The Westin Diplomat Resort & Spa, Hollywood, Florida, with its sleek glass exterior and stunning contemporary lobby, is actually part of an exciting historical continuum that began a half century ago with The Diplomat, a luxury hotel opened on this site in 1959. The hotel was technically opened in 1958 as the 150-room Envoy by supermarket tycoon Samuel Friedland. But it found its groove in the decades to come, after Friedland expanded it to 370 rooms, entrusted it to the care of his daughter and son-in-law, the Cowans, and renamed it The Diplomat.
A ritzy and opulent retreat, The Diplomat quickly made Hollywood, Florida a popular destination for the rich, famous and anyone seeking a little glamour with their surf and sun. During the Cowans’ tenure, the hotel saw performers from Bing Crosby and Maurice Chevalier to Woody Allen, Bob Neuhart, Liza Minnelli and Kenny Rogers in the renowned Café Crystal or more intimate Tack Room. Numerous presidents, from Harry Truman to every office-holder from 1974 until its close, paid a visit to The Diplomat. Frank Sinatra returned from retirement for a December 1974 show in the Tack Room. Through on-and-off financial troubles, The Diplomat survived to see Bob Hope host a New Year’s celebration in 1984. Ronald Reagan addressed the longshoremen from the hotel the same year. Financial woes became worse throughout the decade, however, and the hotel was closed and finally sold to the United Association of Journeymen and Apprentices. The original building, with all its stories and legends, was demolished in 1998, and soon new construction began.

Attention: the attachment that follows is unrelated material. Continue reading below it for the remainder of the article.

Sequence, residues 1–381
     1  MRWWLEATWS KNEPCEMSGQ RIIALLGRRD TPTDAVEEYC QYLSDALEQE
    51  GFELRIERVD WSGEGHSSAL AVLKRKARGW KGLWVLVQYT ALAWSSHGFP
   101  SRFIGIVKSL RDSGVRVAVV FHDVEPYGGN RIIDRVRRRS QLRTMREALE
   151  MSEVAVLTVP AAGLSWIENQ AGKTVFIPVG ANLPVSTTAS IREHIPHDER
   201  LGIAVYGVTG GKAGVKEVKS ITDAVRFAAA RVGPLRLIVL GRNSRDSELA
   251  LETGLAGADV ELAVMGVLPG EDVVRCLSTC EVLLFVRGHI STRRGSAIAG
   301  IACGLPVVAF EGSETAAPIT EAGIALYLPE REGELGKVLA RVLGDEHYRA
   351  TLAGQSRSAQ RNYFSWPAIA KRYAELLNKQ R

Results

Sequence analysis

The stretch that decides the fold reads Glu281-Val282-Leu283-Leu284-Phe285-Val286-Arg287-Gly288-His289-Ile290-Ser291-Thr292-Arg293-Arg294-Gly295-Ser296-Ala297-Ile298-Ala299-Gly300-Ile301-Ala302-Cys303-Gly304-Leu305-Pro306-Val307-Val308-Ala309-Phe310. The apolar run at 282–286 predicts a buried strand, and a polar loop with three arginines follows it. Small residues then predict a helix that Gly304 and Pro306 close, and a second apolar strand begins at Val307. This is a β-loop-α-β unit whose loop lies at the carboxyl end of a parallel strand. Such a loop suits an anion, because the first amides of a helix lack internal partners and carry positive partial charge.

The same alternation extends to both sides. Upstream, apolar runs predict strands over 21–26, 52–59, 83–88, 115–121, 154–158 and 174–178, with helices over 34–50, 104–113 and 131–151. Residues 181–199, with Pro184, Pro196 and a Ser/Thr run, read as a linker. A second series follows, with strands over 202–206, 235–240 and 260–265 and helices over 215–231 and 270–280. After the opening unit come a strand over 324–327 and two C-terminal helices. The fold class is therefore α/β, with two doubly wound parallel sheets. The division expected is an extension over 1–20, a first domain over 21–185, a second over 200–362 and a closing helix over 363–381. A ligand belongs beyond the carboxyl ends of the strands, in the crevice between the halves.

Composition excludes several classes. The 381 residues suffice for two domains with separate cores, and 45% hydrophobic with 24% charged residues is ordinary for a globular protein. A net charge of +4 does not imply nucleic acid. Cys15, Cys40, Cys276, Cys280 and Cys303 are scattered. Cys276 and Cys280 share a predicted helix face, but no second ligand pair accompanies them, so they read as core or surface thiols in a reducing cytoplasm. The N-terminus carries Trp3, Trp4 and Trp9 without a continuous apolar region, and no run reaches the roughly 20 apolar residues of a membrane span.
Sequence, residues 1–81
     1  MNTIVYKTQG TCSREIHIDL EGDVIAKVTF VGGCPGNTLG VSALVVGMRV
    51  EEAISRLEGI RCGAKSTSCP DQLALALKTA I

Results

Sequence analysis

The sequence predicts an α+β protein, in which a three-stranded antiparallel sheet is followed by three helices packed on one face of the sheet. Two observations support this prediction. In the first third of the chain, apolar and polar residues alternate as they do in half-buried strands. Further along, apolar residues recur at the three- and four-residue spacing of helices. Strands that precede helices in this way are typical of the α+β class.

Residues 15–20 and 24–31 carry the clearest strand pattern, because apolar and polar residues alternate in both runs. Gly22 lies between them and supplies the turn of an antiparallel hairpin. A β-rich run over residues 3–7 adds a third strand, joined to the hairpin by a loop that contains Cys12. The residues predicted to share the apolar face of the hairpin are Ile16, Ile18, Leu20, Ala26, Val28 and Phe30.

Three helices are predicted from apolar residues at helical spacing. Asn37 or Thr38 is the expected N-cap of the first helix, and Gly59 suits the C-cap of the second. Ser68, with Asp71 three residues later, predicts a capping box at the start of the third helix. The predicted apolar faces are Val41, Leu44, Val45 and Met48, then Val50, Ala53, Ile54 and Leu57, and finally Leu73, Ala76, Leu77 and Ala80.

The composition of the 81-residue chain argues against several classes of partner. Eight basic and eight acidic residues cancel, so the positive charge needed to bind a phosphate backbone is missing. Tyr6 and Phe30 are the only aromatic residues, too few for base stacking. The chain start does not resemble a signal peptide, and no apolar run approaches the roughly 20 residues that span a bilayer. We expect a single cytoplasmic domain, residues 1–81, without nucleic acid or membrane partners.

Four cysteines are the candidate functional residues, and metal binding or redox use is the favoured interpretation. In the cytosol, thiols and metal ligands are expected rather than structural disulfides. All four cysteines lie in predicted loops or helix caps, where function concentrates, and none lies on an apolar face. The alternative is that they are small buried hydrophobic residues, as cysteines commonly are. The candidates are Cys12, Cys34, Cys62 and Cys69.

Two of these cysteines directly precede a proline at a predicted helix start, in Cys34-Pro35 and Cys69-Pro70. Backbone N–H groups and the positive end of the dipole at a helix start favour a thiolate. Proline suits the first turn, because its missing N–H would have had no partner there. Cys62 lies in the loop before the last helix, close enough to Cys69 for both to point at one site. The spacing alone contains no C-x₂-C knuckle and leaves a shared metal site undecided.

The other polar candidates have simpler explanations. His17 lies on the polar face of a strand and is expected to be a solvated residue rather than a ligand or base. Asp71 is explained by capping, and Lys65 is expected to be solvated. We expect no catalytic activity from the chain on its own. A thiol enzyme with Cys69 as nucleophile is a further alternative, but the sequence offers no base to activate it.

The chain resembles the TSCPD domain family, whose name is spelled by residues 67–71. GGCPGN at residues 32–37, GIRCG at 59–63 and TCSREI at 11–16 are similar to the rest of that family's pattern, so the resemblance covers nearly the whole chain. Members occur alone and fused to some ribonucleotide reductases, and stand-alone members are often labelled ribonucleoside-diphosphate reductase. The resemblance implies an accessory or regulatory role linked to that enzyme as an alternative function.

In 1999, The Country Club at the Diplomat, now also owned by Starwood Hotels & Resorts, opened with a Joe Lee-designed golf course, pro shops, and 60 luxury guestrooms. The spa at the Diplomat opened in 2000. In January 2002, on the site of the original Diplomat, The Westin Diplomat Resort & Spa opened its doors to a 39-story, 998-room tower complete with infinity rivers in the lobby, a two-level glass-bottom pool, and a convention center. Our guestrooms’ subtle art deco curves pay tribute to a by-gone era of tapestries, gold and glass chandeliers, when Hollywood was discovered as a destination thanks to The Diplomat's unforgettable festivities and beachside grandeur.